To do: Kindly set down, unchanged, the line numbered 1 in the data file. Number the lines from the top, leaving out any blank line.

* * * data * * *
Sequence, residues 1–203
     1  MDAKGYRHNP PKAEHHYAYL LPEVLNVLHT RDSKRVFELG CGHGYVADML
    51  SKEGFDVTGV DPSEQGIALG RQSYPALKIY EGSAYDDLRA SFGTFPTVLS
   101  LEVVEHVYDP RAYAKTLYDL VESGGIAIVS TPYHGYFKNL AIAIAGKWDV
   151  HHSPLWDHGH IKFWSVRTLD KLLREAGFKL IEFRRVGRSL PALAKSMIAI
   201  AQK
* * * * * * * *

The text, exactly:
Sequence, residues 1–203